2. A method according to claim 1, which comprises making the measurements on the sample using a probe beam to obtain an experimental diffraction profile.
3. A method according to claim 1, which comprises making the measurements on the sample using X-ray analysis to obtain an experimental X-ray diffraction profile.
4. A method according to claim 1 which comprises providing the experimental and calculated profiles as normalised logarithmic profiles.
5. A method according to claim 1 which comprises comparing the profiles by determining the difference between corresponding points of the two profiles and summing these differences for a number of points to determine an error value for the difference between the experimental and calculated profiles.
6. A method according to claim 1 which comprises carrying out step f) each time by 1) varying the parameters in turn to determine which parameter causes the largest change in the difference between the experimental and calculated profiles, 2) varying that selected parameter until the change in the difference between the experimental and calculated profiles caused by varying that parameter reaches a predetermined limit, 3) storing the changed value of the selected parameter and repeating steps 1) to 3) for each parameter using the changed value of the selected parameter until a desired fit between the experimental and calculated profiles is achieved.
7. Using a method according to claim 1 to determine the strain profile of an ion-implanted semiconductor sample.
8. A method of determining a given characteristic of a material sample by X-ray analysis, which method comprises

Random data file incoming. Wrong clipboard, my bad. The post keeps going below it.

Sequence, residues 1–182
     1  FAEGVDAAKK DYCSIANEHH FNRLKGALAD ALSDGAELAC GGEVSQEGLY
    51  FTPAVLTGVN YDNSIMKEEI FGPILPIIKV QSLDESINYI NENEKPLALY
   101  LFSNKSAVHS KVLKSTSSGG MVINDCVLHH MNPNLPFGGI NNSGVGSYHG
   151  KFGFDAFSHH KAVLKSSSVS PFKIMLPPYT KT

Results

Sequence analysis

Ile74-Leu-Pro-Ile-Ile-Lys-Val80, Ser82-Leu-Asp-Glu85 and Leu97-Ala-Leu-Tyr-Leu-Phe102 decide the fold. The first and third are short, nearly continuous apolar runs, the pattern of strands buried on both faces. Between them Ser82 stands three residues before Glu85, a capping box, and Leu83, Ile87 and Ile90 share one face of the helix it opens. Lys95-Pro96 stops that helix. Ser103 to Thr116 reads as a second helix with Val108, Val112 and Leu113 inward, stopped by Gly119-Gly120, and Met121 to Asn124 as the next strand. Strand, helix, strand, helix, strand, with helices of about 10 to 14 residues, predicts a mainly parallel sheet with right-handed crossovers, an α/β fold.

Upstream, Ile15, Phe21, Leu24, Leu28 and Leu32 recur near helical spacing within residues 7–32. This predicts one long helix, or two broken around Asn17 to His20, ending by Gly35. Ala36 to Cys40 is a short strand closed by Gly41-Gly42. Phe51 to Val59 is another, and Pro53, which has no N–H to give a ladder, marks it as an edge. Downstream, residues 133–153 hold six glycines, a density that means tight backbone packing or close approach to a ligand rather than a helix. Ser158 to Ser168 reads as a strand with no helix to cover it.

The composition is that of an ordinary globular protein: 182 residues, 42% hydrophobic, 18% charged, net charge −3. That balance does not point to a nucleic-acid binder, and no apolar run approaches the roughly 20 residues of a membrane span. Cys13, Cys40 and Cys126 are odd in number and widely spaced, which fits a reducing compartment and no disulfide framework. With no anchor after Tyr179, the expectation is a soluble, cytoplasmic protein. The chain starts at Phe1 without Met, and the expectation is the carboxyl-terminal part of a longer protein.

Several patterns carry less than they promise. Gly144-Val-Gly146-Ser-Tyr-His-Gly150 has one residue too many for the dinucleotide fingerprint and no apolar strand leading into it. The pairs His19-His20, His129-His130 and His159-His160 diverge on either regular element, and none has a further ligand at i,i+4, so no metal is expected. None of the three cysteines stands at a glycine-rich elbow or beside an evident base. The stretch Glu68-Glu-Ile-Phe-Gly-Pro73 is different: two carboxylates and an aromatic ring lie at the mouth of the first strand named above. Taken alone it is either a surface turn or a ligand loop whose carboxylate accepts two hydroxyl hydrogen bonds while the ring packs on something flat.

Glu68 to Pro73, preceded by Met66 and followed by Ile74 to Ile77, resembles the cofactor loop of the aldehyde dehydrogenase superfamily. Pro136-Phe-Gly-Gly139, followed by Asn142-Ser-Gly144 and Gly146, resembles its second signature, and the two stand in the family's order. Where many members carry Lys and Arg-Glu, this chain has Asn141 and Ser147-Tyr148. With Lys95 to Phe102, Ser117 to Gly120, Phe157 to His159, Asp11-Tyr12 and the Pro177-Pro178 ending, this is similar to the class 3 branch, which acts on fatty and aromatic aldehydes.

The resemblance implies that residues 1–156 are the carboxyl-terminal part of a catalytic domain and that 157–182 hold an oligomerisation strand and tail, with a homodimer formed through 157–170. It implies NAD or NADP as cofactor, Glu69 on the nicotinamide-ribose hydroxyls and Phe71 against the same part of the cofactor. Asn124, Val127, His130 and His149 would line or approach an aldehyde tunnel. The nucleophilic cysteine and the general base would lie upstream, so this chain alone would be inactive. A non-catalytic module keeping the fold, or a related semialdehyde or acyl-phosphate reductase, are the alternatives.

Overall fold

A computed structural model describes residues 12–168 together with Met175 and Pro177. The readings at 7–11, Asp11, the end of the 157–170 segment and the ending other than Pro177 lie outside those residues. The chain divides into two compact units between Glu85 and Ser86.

a) making X-ray measurements on the sample to obtain an experimental X-ray diffraction profile determined at least in part by the given characteristic,
b) calculating an expected X-ray diffraction profile for the sample using selected parameters,
c) applying a degree of smoothing to the experimental profile to reduce the structural features thereby producing a smoothed experimental profile,
d) applying the same degree of smoothing to the calculated profile to produce a smoothed calculated profile.
e) comparing the smoothed calculated profile with the smoothed experimental profile to determine the difference between the smoothed calculated profile and the smoothed experimental profile,
f) modifying the calculated profile by varying at least one of the parameters until the smoothed modified calculated profile fits the smoothed experimental profile,
g) repeating steps c) to f) using each time a degree of smoothing less than the previous time so that the structural features return and the final modified calculated profile provides a desired fit to the experimental profile thereby enabling the given characteristic to be determined from the parameters used for the final modified profile.
9. Using a method according to claim 8 to determine the lattice mismatch between or composition of different layers of a multi-layer material sample.
10. A method according to claim 8, which comprises smoothing the experimental and calculated profiles by separately convoluting the profiles with a smoothing profile having a given base width and carrying out step g) by reducing the width of the smoothing profile each time steps c) to f) are repeated.